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Fun and Parental Involvement

By Marcia Campbell, Susquehanna Valley Bible Quiz Leage




We ended our year with an auction and a Parents vs the Quizzers best out of three quizzes.  The kids had a blast.  Quizzers earned money throughout the year – a penny for every verse they memorized which a quizzing mom kept track – and used it at the end-of-the-year auction. A quizzing dad was the auctioneer and the kids enjoyed bidding on Twizzlers, Cheez-Its, markers and flashlights.  The auction was after the parents took on the kids quizzing on two chapters of Acts.  The kids won – as usual – but the parents only lost by one question.  (That’s the closest it has ever been.)  


Afterwards a mom came up and said, “You need to take this on the road. This is what every quiz program should be like: fun with parental involvement.”


After 19 years of being involved in quizzing, I couldn’t agree more.  The quiz programs I have seen that are the most successful, keep the kids the longest, and have the greatest impact are those that have those two ingredients:  fun and parental involvement.  


Fun is the easy part.  Here’s a few suggestions:


Incentives for memorizing can be fun.  For example: “If everyone memorizes one chapter of Acts, we’ll have a pizza party.”  Food is a great motivator with youth.  Money is too.  I once offered $50 to anyone who memorized Hebrews Chapters 1-10.  Four out of 20 kids took me up 

on that challenge.  That incentive might seem a bit extreme to some and I’ll admit the incentive took a bite out of my pocketbook, but four kids – who are now adults – know Hebrews 1-10 very well.


Games.  Our quizzers always enjoy a jeopardy-type game using column headings labeled “FTVs”, “Situation”, “Reference”, “Regular Questions” and “Unique Words” with corresponding money values from 10¢ to 50¢.   A Trivial Pursuit game can also be adapted and used as a Bible quizzing tool, as well as many other board games.  


Once in a while a game practice breaks up the routine and adds a bit of fun to the mix.  We try to do a game night once a year – usually when we see the kids start to drag a bit in studying (around January).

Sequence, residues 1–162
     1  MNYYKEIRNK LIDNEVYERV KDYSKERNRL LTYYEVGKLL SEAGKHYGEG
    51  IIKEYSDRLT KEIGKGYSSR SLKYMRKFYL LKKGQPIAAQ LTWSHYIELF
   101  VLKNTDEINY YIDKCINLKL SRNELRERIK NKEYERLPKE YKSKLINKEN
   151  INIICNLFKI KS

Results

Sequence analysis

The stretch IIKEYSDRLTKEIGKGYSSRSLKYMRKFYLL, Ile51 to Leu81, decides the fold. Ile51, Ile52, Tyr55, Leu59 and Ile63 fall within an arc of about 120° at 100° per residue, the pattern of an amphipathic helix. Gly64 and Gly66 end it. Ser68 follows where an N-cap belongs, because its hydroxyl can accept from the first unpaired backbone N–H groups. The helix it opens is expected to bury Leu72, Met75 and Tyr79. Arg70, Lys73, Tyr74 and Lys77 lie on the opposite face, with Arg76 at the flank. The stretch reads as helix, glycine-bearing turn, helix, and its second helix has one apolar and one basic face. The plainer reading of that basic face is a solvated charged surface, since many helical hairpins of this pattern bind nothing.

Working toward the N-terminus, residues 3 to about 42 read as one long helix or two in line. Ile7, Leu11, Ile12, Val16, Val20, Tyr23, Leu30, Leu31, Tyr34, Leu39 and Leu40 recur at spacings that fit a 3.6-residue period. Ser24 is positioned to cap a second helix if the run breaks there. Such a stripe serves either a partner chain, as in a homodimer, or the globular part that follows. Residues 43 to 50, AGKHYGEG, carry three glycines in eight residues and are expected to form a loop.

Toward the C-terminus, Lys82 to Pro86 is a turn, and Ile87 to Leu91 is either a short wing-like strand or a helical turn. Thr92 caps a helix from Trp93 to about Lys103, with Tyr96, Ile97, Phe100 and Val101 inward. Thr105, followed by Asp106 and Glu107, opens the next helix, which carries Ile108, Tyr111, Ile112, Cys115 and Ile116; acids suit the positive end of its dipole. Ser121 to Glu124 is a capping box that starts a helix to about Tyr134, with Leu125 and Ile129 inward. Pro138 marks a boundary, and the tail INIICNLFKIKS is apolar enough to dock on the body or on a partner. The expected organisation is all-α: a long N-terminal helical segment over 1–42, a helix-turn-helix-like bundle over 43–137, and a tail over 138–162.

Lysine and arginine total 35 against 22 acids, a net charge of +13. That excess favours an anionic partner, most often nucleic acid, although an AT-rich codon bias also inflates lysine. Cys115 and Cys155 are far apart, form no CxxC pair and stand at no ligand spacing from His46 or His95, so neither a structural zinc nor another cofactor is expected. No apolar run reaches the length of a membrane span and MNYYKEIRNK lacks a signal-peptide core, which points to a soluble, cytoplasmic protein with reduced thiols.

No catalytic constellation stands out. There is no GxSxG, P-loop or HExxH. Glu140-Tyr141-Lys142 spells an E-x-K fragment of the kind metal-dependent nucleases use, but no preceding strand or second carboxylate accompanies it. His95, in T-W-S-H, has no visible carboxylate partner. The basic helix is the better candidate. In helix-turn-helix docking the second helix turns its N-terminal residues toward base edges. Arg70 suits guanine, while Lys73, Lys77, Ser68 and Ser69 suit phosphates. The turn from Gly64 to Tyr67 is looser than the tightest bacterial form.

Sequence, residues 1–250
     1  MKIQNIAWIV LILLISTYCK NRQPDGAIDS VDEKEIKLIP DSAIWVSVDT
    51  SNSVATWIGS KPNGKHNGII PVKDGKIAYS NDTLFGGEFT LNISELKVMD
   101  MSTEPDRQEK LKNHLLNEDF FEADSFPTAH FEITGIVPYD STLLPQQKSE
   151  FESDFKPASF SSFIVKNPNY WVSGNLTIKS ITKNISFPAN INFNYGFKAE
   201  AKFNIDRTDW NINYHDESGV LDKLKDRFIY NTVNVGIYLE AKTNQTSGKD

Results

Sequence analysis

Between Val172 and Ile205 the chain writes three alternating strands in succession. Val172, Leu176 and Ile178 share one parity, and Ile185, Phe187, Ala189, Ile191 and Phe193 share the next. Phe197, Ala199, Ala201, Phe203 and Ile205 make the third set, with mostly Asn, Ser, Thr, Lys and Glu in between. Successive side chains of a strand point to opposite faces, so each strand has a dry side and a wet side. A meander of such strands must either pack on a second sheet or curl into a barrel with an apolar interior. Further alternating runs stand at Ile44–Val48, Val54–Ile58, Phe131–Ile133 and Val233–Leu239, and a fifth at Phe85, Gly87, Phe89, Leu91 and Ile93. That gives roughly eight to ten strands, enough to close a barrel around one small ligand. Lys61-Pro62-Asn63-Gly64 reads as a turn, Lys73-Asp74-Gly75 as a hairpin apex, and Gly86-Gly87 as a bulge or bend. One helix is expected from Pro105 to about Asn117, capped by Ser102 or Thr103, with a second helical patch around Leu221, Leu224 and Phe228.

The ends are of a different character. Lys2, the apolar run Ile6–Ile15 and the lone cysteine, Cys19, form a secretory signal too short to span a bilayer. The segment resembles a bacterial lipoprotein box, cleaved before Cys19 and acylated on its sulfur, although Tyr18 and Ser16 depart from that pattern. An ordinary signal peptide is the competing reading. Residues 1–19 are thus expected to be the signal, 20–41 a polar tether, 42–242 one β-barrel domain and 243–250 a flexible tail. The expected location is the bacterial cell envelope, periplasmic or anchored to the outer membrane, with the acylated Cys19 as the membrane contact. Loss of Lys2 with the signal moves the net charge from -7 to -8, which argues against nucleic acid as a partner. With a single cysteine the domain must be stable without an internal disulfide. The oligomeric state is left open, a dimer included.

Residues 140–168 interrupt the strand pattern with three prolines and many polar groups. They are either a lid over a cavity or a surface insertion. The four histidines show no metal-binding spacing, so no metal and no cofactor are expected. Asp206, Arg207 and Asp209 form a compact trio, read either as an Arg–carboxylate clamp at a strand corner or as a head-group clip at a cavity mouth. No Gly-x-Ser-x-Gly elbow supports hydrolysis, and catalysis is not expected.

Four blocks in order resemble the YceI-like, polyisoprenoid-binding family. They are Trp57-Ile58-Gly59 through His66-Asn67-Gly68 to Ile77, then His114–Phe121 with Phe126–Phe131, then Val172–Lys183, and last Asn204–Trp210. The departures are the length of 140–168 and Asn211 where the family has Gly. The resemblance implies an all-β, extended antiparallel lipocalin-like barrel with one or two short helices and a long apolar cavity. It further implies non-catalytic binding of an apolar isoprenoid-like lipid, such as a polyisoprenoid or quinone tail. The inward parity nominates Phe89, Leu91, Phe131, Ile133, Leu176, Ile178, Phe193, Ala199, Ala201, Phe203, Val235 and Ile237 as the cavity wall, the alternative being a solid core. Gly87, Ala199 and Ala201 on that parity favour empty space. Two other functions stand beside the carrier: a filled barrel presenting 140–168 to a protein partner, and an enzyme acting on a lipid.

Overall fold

Tournaments – especially overnight ones – build a lot of memories and motivation to study. WBQA runs quite a few throughout the year.  As coaches tournaments take time and energy to plan the details – transportation, lodging, and logistics.  But I still run into quizzers years later who mention a special time at some tournament and then adds “…and Hebrews is still my favorite book.”  


Fun and learning go hand in hand.


Bible quiz practice is not all fun and games.  My kids will tell you I run a tight ship, but there needs to be a balance of fun in the mix.


Fun is easy; parental involvement is sometimes the hard part.  Right now I am blessed with a huge amount of support and initiative from my quizzing parents.  Part of being a coach is continually stressing to parents and church leadership that it is vital that the Word of God gets into our children’s minds so that God through His Holy Spirit can use it to direct them and speak to them.  To me this is imperative for the health of the church and for the spiritual health of our young people.  This is the drum I beat to every parent and church leader.  This vision must be caught by parents and church leadership.


Parents need to be invited to participate.  They can listen to memorized verses and keep records, coordinate the snack, help plan a game or year-end activity, or help with coordinating tournament participation.  Invite them into the creative process so that they can use their gifts to help the whole Bible quiz program.


We as Bible quiz leaders need to learn to delegate.  If it is hard for you to let go control and delegate, you need to get over it and get your parents involved.  It will lighten your load and your mind and allow you to have more fun – and then your quizzers will have more fun.  


Fun and parental involvement.  How are you as a Bible quiz coach/leader integrating these two into your program?  Do you have any suggestions for the rest of us to use?


Join in the conversation!  Visit the WBQA blog post from June 19, 2015, to share your ideas, here.

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